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Evaluation of Advice NI's Building Resilience in Retirement project

Evidence type: Evaluation i

Description of the programme

An increasing amount of the information, tools and resources which can help us to better manage our money is online. However, it is widely acknowledged that the use of technology to deal with financial matters can present difficulties for older people who are often digitally excluded, whether by lack of access, motivation, confidence, skills or trust. These challenges have significance in Northern Ireland where many areas are poorly connected with slow (or even no) broadband, coupled with limited digital skills amongst the older population.

Building Resilience in Retirement (BRIR) aimed to improve the financial capability of older people through a digital inclusion training programme. The programme comprised six two-hour modules on developing digital literacy, avoiding scams, online budgeting tools, comparison websites and accessing online money advice services. Support staff were on hand, and during the programme participants were also given the opportunity to access a benefits entitlement check, whereby they could get advice and receive support to access benefits.

It was targeted at hard to reach older people to enable them to access a benefits entitlement check, where they could also get advice about receiving general support services. The programme was delivered between July 2017 and March 2018 in community settings throughout Northern Ireland (five in Belfast, and the other six across the region). A total of 108 people participated.

The study

The evaluation was designed to find out if the digital training programme could improve older peoples’ ability to access general support services. It focused on:

  • Ability: Digital skills to access money-related information and financial advice;
  • Mindset: Increased confidence to access information and advice;
  • Connection: Awareness of rights and entitlements and how to get help to manage resources;
  • Behaviours: Increased resources and benefit take up;

The evaluation comprised:

  • Pre and post course questionnaires, with 58 paired questionnaires being analysed for the evaluation;
  • Three focus groups involving 22 participants;
  • In-depth interviews with two participants;
  • Survey of group leaders/facilitators (eight responses);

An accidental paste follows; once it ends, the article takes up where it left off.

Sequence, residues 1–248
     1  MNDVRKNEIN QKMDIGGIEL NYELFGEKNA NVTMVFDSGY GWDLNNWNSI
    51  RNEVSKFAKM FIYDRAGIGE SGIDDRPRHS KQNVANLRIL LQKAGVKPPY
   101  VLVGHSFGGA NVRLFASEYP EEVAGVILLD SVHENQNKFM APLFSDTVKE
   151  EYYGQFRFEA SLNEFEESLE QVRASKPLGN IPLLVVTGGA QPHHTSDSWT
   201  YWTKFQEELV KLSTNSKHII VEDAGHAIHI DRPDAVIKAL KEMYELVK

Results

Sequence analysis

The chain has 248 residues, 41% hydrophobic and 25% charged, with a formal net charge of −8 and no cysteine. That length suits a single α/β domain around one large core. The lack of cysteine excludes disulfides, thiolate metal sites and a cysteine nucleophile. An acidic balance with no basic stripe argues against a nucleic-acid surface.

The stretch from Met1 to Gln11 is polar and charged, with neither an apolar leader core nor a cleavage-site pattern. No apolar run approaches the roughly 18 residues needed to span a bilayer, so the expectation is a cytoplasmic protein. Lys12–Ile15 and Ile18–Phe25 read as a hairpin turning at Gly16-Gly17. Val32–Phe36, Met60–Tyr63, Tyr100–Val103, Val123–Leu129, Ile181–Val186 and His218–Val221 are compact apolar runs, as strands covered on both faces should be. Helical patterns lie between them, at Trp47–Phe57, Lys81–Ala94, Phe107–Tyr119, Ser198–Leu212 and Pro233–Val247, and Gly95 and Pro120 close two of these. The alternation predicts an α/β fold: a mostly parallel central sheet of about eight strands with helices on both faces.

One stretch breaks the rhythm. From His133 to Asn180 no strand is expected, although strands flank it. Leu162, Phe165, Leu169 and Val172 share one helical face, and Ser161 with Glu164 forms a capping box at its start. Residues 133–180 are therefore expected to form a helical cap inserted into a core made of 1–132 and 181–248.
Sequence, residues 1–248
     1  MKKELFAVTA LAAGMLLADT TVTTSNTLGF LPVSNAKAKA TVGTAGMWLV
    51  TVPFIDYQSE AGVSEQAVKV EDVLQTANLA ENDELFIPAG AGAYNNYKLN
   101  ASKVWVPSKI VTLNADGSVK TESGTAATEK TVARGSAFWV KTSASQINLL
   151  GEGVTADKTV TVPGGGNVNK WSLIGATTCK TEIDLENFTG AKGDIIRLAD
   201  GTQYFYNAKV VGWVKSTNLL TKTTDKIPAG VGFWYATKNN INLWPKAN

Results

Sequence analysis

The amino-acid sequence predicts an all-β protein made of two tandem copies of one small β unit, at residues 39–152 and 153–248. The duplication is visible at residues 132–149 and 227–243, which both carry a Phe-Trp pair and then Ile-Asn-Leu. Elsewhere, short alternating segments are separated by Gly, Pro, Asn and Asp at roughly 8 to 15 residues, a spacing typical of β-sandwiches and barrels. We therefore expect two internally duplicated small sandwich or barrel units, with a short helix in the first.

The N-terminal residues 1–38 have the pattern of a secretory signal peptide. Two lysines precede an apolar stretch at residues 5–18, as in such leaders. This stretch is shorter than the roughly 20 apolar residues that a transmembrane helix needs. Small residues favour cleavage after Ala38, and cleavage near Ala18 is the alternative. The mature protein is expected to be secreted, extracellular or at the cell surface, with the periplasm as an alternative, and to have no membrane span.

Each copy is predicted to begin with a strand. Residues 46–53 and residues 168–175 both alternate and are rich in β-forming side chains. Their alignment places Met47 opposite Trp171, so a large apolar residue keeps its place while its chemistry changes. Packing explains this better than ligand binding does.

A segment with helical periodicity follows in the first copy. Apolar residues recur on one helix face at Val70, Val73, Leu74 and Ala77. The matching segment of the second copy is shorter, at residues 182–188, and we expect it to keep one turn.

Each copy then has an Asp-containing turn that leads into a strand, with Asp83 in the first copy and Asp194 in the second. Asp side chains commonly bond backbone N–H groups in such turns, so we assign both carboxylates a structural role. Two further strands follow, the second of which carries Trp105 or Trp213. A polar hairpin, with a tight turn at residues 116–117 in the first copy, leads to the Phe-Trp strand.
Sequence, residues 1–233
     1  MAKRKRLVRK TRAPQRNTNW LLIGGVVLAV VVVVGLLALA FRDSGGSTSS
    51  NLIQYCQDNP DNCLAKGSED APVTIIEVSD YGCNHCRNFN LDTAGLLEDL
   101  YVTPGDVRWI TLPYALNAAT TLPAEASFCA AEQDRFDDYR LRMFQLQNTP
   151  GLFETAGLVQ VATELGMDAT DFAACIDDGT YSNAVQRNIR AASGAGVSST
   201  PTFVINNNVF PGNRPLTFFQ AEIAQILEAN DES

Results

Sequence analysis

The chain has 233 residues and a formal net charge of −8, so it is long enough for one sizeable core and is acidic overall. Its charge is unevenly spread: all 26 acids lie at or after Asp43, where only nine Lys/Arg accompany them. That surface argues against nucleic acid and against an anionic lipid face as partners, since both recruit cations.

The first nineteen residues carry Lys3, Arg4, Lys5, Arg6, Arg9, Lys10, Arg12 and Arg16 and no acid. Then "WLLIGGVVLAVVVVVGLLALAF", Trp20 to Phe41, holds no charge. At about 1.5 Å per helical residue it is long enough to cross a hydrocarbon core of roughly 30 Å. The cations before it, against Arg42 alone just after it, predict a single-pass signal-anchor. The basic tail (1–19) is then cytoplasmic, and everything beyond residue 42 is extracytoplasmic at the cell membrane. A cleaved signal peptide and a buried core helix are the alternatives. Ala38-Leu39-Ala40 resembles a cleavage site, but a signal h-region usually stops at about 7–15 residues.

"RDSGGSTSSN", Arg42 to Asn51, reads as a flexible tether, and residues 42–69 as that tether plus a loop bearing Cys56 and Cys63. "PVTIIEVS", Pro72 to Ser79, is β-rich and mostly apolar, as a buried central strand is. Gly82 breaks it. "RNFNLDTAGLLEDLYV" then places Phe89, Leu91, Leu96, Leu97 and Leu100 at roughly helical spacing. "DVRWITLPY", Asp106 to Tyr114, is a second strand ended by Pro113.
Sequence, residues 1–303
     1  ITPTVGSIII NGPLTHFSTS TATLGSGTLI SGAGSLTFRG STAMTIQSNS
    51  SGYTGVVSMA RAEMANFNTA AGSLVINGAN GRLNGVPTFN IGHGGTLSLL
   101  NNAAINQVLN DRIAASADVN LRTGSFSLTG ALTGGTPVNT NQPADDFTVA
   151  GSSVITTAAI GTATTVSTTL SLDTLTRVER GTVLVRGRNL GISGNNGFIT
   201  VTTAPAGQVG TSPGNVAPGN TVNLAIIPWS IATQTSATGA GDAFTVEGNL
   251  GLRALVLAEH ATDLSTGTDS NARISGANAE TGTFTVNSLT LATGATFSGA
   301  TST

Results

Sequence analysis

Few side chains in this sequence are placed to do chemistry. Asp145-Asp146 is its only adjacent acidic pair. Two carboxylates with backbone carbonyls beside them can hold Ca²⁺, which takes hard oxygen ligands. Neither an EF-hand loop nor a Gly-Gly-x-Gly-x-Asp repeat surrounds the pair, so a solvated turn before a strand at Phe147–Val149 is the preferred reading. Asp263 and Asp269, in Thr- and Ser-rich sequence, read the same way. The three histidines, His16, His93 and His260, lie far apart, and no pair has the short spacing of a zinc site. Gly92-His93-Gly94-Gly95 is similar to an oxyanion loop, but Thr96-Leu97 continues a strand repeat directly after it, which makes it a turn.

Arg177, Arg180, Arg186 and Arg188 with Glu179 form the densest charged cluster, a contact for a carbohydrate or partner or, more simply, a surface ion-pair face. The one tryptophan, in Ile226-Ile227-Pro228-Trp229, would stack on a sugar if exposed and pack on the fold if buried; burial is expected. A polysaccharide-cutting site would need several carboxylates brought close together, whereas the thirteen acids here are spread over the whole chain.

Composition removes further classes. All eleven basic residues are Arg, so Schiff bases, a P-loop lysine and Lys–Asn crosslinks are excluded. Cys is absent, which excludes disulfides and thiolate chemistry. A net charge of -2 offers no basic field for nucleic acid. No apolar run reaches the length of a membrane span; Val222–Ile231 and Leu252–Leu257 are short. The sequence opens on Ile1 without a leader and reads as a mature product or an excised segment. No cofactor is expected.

• Face-to-face interviews and focus groups with internal stakeholders;
  • Telephone interviews with 4 external strategic stakeholders;
  • Observation of one of the training sessions.

Key findings

  • Ability: BRIR improved the digital skills of older people; 39% of respondents described their ability to use the internet as ‘good’ after the intervention compared to 18% before.
    • The qualitative data suggests the intervention was particularly helpful in increasing awareness of online fraud and financial ‘scams’.
  • Mindset: Participants developed increased confidence in accessing and using online financial tools and resources; over 80% reported that they were now aware of how to protect themselves from online frauds/scams. Qualitative data supported this, revealing a low level of digital confidence before the intervention, with improvement following it.
    • Before the intervention, half (53%) – judged their confidence as relatively low; this fell to 21% post intervention (though this is based on a relatively small base).
  • Connection: 89% agreed or strongly agreed that their knowledge of online sources of financial information and advice had increased since participating on BRIR.
  • Behaviours: Participants could see the potential for using the learning to do research and save money; however, there were limitations to the extent to which they would use digital technology for financial purposes.
    • 82% agreed or strongly agreed that BRIR had made them more aware of budgeting and managing money.

The evaluation also analysed the processes employed in the programme:

  • Access: The programme provided a vehicle for accessing older people who may not usually have an opportunity to learn about online information, advice and resources to support financial capability.
  • Messaging: Learning how to keep safe online - rather than ‘learning’ financially capable behaviours - was the ‘hook’ that got people to sessions.
  • Sustaining: Developing digital readiness for financial purposes takes time, practice and trust. BRIR provided a foundation but older people may require longer-term or more intensive support to develop, sustain and apply their newly acquired knowledge and skills.

Points to consider

Methodological limitations:

  • The nature of the target group and the context in which BRIR was delivered meant it was not possible to collect both pre and post course data for all 108 participants.
  • The small sample size impacted upon the level of statistical analysis which could be completed. The findings, therefore, are indicative of the perspectives and experience of BRIR participants, and not the population of hard to reach older people overall.


  • This report is relevant to all stakeholders and policymakers with an interest in financial capability among older people, and particularly to those who are commissioning or planning interventions in areas related to increasing capability through online and digital channels.

Generalisability/ transferability:

  • The research, while thorough, is based on relatively small numbers in one geographic region of the United Kingdom. Combined with the lack of statistical testing, its findings cannot be readily generalised to the rest of the UK without further research.

Full report

Evaluation of Advice NI’s Building Resilience in Retirement project - full report

Key info

Client group
Measured outcomes
Programme delivered by
Advice NI
Year of publication
Northern Ireland
Contact information

Community Evaluation Northern Ireland - https://www.ceni.org/